What I want the book to do is advocate for the need to have the freedom to surrender. We were raised to believe that persistence and determination are good things. Well, of course they are good things. If you want to learn to play the piano, you can’t just give up when it’s hard. But on the other hand, do you really want to learn to play the piano?

Likewise, it might be good to give up on relationships or interests when you realize they are no longer alive for you. But people find this extremely difficult, because we are not supposed to give up. In the book I say that the tragic heroes of plays are people who never give up, and by never giving up, they simply create havoc.

Are there any examples of things that people should agree to give up and that they might not agree to give up?

People should agree to give up on a relationship when the relationship actually numbs or bores them, or makes them feel helpless or worse about themselves. Being in a relationship should be because it brings out the best in you and you enjoy it.

If people want to be athletes, musicians, dancers, writers, whatever, you have to persist. You have to overcome resistance. One beautiful thing that psychoanalysis adds to the conversation is that we resist things, either because we don’t want them or because we really want them.

You have to experiment. The risk will probably always be giving up too soon and too quickly, but the other risk is taking too long to give up.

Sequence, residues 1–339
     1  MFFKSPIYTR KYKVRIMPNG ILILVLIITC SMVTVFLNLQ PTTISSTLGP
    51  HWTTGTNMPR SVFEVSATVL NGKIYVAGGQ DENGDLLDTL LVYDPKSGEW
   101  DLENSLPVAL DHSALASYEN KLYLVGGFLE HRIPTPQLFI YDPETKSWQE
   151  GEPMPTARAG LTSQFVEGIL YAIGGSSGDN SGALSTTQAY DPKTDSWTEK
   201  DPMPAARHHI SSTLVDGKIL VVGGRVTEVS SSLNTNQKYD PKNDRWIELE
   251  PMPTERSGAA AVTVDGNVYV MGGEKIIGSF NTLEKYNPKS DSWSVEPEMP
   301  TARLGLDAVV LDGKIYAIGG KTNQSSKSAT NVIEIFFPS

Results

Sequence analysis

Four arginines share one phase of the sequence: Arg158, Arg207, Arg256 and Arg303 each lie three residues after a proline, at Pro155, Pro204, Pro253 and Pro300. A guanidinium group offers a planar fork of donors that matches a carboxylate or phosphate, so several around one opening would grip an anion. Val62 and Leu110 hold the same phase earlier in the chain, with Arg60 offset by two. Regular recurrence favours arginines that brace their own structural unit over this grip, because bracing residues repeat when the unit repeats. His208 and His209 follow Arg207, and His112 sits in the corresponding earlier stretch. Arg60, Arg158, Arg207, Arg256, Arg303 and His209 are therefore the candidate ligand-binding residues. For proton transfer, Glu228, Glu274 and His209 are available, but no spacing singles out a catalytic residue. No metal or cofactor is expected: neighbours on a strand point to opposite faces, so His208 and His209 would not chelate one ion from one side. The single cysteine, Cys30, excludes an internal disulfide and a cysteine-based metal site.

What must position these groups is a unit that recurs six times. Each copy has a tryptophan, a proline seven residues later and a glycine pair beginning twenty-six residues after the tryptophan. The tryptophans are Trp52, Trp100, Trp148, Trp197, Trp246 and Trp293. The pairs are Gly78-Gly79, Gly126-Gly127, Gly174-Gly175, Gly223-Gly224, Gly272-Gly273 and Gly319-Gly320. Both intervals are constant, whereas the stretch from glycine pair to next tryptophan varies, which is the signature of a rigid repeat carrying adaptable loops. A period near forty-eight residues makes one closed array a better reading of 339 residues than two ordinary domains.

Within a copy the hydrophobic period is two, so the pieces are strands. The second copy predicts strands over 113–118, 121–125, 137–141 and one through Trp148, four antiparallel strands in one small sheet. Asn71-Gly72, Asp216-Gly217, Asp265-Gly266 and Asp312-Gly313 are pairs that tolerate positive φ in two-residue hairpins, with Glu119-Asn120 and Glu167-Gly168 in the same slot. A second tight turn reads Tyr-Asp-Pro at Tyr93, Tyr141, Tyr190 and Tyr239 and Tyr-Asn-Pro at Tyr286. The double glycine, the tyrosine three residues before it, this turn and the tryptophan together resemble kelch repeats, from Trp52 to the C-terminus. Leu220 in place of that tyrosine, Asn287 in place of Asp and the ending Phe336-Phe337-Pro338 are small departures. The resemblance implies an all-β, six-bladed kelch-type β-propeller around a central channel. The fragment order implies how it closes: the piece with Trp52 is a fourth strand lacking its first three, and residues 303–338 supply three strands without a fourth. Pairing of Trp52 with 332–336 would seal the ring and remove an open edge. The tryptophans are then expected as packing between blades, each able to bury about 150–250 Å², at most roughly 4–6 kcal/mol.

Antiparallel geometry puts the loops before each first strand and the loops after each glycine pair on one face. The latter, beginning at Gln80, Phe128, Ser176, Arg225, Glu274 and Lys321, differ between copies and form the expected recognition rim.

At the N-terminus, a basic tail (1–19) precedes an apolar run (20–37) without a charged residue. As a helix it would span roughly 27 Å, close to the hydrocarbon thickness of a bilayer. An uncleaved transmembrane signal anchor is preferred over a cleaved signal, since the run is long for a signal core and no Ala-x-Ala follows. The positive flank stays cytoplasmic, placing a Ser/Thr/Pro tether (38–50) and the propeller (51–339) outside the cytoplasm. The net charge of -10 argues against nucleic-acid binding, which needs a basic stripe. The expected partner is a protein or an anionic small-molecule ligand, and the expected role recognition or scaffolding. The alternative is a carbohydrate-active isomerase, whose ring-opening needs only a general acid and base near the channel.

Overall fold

Everyone has a different idea of ​​what life they want or what a good life is. If there was a criterion, or a test, it would be: how alive something or someone makes you feel, whether in the company of them, do you feel genuinely uplifted. Almost as if the person brings out the best in you. Now, that can’t happen all the time, but it can happen more often.

Why do we have this notion that giving up is a bad thing?

That is the question the book attempts to address. And it’s a very good question. And I don’t know the answer.

In cultures where we are encouraged to work, to be loyal, to be consistent and to be trustworthy, if these are going to be our values, then the point is not to give up.

Then it becomes a question of what kind of world you want to live in or what your idea of ​​a good life is, and it may be one that you never give up on.

But it seems to me that there are many examples of people who never give up and who do terrible things because they can’t think twice. They can’t check things. They cannot reconsider what they are doing. So, indeed, they are some kind of megalomaniacs.

What do you hope readers take away from the book?

I want people to make of it what they want and feel free to interpret it in their own way. It is not intended to be propaganda or an attempt to persuade anyone of anything.